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Ati mangapi?
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Uko serious?
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Sawa. Na ujue najua penye bibi na watoto wako. Usinijaribu.
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Alafu, kabla nijiingize kwa noma, unajua story ya hao wasee – wife na Prof? Kaback story, kahistory? Usinifiche.
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JEHOVAH! Ah-Ah.
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Hii ni noma aki. Wee unajua wachinku wakiingia kwa hii mix…
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Na amekuwa akifanya hivi chini ya maji for how long?
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Wah! Eh, huyu alikupenda aki. Ama, hajui Prof yeye.
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Eh, ii ni noma. Walahi utaongeza senti. Wacha nione chenye ntado. Omba aki. Omba hadi magoti iishe juu penye bibi yuko, mzee ulimess.
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Haaiya. Ntakuchorea.

11.27pm

-whispering-
Mazee Mhesh, kuna venye hii story sidaishi tena.
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Nasema, sidaishi. Utaongeza volume kwa simu juu mimi sitashikwa na ii nyang’au.
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Niko nyuma ya nyumba nyingine hapa.
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Ukiingia Emba kwa hiyo barabara iko chini ya flyover
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Eeh, unaifuata kedo dakika twenty halafu kukianza kuwa kimsitu msitu hivi, chapia left. Ukifuata hiyo barabara ya mchanga utafika kwa kifence bigi. Alipark mbali kidogo, kabla uchape hiyo left.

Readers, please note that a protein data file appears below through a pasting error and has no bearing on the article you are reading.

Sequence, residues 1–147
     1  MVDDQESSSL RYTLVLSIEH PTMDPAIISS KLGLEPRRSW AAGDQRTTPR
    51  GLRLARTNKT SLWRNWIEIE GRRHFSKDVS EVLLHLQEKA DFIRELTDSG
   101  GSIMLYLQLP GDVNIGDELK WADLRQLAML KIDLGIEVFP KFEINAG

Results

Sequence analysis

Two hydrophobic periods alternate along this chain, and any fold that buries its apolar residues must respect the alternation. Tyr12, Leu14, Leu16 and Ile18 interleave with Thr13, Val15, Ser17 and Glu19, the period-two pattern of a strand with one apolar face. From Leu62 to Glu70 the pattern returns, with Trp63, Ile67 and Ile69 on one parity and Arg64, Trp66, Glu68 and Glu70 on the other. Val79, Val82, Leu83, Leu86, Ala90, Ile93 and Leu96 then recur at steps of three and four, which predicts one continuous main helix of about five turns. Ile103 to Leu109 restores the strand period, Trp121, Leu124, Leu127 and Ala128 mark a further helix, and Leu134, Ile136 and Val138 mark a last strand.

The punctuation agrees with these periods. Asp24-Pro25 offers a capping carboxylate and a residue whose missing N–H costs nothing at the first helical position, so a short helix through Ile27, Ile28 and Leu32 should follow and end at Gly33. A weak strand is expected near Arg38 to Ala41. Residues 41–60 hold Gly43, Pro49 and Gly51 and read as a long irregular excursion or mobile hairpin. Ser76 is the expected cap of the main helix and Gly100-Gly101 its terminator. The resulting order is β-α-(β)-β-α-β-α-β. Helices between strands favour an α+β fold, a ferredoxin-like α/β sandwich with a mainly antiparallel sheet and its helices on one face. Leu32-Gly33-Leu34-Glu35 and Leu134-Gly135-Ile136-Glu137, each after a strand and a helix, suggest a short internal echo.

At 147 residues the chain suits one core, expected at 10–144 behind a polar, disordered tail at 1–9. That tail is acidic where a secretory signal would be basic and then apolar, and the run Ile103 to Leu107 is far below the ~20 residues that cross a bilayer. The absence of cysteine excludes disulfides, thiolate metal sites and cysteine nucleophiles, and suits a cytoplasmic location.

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Wameshinda ndani ya keja kedo 15.
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Wueh! Ati mimi niingie wapi? Una jokes! Una mchezo daddy!
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Ukajua niko metre kumi kutoka hiyo gate. Ukuwe unaomba Mungu tatu at least
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Shhh! Shh! Kuna mtu anatoka.
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whine
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Mzee! Shiida! -line cut-

Saturday 14th Sept, 2013

00:03am

very low whisper
Mzee, Mungu wako amejam, MBAYA!
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Watu watatu. Walitoka na wife na ile jamaa –
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Prof hayuko. Tumetembea kedo dakika twenty ndani ya msitu. Ita polisi, SAA HUU!
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Mzae, utalipa hongo ujibu mbele, ama utazika mama watoto. Aibu ama kaburi? Apa, ni kuwow.
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Wapigie tu. Sikati simu.
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00.19am
-screams- -gunshot- -gunshot- -gunshot (lady voice) Nisai– -gunshot- -gunshot-
-panting-
Mzee! Mhesh! Ume–! Wako?
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-Screaming now- Wife! Ame–!Ame! Ghai!
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Fuck fuck fuck!
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Ate?! -more gunshots-
Ghaaaai! Wamenicheki! Mabeast wako? MABEAST WAKO?
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-gunshot- Aaaaaah! Sikufi leo, walahi sikufi leo! Skufi! Skuf-
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-gunshot- JEHOOOVAAAAAH! Mbisia nisaidie! Sikufi juu yako aki!
MBISIAAAA–-gunshot-
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-footsteps- -gunshots- -dial tone-

Sunday 13th Oct, 2013

Prof Okoth: Nonsense! There is no proof! Those are lies!